Okay. So, I should have held Activision longer. Is this part of a bigger pattern for me?

In general, I haven't been much better off selling a stock I bought to buy another. Certainly, of the stocks I sold within about 10-15 months - where things were going well and the price was rising - I would have been better holding for 10-15 years.

You can see this even more recently. For example, I bought FICO about 7 years ago. The stock has returned over 25% a year since then. I didn't hold it from then till now. 

What you have to be careful about here though is multiple expansion. When you buy something like Activision, J&J Snack Foods, FICO, or Village Supermarket (these are all stocks I bought a lot of when they were really cheap) at a low multiple of sales, book value, earnings, etc. you can consider the substantial annual return bonus you get in the stock from multiple expansion to be one-time but fully justified (and therefore not going to be reversed in future years) up to a point

I’m going to spend the rest of this post explaining what “up to a point” means. It’s one of the most important concepts to long-term, buy and hold investors. This idea that you are – if you buy only cheap stocks – entitled to getting one and only one multiple expansion “bump” to your returns is something buy and hold investors need drilled into their heads during the last stages of a bull market. Since we may now be in the last stages of a bull market, let’s talk about how a justified initial multiple expansion in a stock can quickly morph into a totally unjustified subsequent multiple expansion.

Let me give you some examples.

Activision: I bought this stock at something like an EV/Revenue of 1. It now trades at an EV/Revenue of more than 6. This multiple expansion counts for over 10% of the annual return in the stock. How much of it is justified? Activision shouldn't trade at an EV/Revenue of 1, but I'm not sure it should trade at an EV/Revenue of 6 either. Today, the stock would have to fall more than 50% before I'd say it was clearly "cheap".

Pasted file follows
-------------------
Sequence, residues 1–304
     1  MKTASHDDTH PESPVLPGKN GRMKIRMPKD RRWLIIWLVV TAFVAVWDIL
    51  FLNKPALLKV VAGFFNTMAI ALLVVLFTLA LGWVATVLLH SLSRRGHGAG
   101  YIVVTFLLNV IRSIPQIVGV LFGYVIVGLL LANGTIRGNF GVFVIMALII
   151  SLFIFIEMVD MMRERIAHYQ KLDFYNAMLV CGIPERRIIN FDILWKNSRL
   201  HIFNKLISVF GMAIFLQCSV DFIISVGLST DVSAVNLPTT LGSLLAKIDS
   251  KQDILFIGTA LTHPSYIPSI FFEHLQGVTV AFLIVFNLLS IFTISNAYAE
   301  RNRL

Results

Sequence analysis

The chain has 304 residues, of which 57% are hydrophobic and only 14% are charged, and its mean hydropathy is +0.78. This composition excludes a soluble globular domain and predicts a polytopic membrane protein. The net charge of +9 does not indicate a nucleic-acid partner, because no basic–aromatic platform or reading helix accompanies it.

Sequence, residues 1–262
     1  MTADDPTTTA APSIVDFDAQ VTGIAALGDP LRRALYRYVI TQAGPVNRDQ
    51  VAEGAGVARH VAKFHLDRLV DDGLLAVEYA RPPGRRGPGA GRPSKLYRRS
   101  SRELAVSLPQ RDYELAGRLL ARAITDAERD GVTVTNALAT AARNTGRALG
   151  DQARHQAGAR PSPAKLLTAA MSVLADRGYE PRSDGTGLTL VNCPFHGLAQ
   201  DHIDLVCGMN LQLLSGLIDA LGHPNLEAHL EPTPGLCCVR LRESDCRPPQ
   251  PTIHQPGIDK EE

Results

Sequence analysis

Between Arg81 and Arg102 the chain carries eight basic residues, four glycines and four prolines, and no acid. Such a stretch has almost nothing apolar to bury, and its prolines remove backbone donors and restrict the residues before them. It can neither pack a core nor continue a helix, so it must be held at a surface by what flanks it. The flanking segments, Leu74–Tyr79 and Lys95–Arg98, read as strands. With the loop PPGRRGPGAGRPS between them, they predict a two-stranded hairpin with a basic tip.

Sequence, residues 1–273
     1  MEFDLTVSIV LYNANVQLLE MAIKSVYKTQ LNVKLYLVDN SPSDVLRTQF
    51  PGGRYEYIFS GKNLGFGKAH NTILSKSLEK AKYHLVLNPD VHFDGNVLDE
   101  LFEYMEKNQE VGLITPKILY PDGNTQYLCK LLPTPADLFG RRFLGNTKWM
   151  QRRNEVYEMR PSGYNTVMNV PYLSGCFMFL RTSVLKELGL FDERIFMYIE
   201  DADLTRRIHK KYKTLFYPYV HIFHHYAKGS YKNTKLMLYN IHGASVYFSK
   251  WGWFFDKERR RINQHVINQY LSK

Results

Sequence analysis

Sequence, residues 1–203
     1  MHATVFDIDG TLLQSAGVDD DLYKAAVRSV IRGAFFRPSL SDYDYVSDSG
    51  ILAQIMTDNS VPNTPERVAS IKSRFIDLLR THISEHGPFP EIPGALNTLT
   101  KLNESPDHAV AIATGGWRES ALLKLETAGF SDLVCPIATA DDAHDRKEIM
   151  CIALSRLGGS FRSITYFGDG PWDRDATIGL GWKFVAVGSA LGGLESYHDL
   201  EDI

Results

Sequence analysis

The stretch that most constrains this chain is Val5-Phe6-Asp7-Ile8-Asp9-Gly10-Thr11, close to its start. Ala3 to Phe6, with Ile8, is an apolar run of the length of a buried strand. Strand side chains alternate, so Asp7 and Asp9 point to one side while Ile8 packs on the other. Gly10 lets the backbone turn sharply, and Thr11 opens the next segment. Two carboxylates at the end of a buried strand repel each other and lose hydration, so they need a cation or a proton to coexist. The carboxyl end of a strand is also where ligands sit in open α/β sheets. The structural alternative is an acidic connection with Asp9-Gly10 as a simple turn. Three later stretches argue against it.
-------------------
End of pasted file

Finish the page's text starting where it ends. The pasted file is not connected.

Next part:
FICO: I bought this stock at something like an EV/Revenue of 2. It now trades at an EV/Revenue of more like 5. This multiple expansion counts for over 22% of the annual return in the stock. FICO might have to fall close to 70% before I'd say it was clearly "cheap". 

You want to be careful about this, especially as we are now in one of the longest lasting bull markets ever. It's often better to look at your returns in terms of the business results than the stock results. So, judge your returns by the increase in per share sales, free cash flow, etc.

Having said that, you must also take justified multiple expansion into account to some extent if you're a value investor. I bought Village Supermarket (VLGEA) at a P/E of let's say less than 7 and an EV/Revenue of around 0.1. It was reasonable I think to believe that because the business was a perfectly decent one it would eventually deserve a P/E of about 15 and an EV/Sales of about 0.2 or 0.25. Beyond that, you are starting to get speculative. I often think in terms of what I think I can get as a return over the next 5 years if the company's stock takes that long to get valued at what I think is the "right" multiple. For me (a value investor) this means I am usually buying below the market's "normal" P/E and expecting the stock to at least rise to that level. So, I’m buying Village at a P/E of 7 and expecting it to one day trade at a P/E of 15. For some exceptional businesses – like Omnicom, FICO, and BWX Technologies – I may be buying at a P/E of 15 and expecting the stock to one day trade at a P/E of 25. What I’m not doing though is buying at a P/E of 20 and expecting the stock to one day trade at a P/E of 40 – even though, I know, there may come a time where Mr. Market gets overexcited with this kind of wonderful business and really does give it a P/E of 40.